abandoned the area shortly thereafter,
while five families remained there until
5673. The last family, the Bernsteins,
remained alone on the moshav. During
the riots of 5680, Arabs murdered the
mother of the family and one of the
children. As a result, this family also
left the settlement.
During the Six-Day War, the Israel
Defense Forces re-conquered the
Golan Heights, and in 5732, Bnei
Yehuda was re-established, this time as
a full-fledged moshav.
THE EARLY DAYS OF
MOSHAV BNEI YEHUDA
Moshav Bnei Yehuda was named
after the old Jewish settlement of Bnei
Yehuda. The first Jewish presence on
the location was in 5647. Members of
an association from Tzfas named Bnei
Yehuda purchased land from the village
of Bir ash-Shakum with the assistance
of Mr. Laurence Oliphant, for the
purpose of establishing an agricultural
settlement. The settlers were unable
to endure the harsh conditions on the
premises weather conditions, the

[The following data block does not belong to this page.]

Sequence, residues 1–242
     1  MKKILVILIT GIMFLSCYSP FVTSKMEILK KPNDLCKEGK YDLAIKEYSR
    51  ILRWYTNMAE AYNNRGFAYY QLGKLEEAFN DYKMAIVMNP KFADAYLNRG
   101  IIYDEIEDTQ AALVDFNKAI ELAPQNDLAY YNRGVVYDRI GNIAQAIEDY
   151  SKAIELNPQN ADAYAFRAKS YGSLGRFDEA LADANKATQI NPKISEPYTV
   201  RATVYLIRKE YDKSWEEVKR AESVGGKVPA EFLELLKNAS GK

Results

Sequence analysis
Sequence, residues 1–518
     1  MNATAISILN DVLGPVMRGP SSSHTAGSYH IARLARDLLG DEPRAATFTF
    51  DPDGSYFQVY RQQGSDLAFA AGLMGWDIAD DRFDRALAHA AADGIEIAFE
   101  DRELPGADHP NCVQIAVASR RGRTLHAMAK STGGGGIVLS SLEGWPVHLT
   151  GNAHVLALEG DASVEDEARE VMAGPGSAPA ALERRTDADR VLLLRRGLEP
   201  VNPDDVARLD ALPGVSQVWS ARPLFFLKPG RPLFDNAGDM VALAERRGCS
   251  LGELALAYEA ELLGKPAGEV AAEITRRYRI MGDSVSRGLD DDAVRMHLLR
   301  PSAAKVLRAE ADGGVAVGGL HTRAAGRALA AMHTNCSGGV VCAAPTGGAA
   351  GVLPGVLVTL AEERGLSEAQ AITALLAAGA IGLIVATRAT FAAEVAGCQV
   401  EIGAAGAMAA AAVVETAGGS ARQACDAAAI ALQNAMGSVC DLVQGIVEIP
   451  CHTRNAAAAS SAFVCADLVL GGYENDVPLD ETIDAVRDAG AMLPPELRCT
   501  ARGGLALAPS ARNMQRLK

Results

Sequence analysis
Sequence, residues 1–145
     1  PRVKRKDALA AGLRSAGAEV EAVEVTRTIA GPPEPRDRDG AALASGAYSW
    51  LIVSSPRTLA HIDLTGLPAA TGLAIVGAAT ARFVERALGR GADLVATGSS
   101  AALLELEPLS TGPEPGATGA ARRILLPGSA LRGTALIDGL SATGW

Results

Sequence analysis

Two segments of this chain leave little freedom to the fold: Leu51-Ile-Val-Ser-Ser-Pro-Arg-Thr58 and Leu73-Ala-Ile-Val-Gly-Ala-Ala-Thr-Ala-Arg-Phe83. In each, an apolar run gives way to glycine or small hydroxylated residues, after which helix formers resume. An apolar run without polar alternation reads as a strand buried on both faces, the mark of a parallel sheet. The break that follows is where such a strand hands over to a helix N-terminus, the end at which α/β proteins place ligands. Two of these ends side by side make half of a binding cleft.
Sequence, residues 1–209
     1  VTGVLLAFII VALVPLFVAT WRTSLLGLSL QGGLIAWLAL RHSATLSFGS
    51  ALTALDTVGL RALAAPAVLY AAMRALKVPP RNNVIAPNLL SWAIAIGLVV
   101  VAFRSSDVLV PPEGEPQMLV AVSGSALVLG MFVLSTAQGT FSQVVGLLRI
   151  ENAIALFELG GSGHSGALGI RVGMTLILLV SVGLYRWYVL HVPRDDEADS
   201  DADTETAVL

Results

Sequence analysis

distance from other Jewish settlements,
transportation difficulties, and the
problems with arranging education for
their children and so they left.
In 5650, another attempt was made
by ten families to return to the moshav,
but they too came back to Tzfas within
a short period of time. Another group
of ten families arrived in 5658. Four
abandoned the area shortly thereafter,
while five families remained there until
5673. The last family, the Bernsteins,
remained alone on the moshav. During
the riots of 5680, Arabs murdered the
mother of the family and one of the
children. As a result, this family also
left the settlement.
During the Six-Day War, the Israel
Defense Forces re-conquered the
Golan Heights, and in 5732, Bnei
Yehuda was re-established, this time as
a full-fledged moshav.
Issue 788 #'1+-1&'!& 25
788_BM_Eng.indd 25 16-05-11 8:27 AM
decided to join him. Thus, while
he gave over his Tanya class, I
conducted house visits.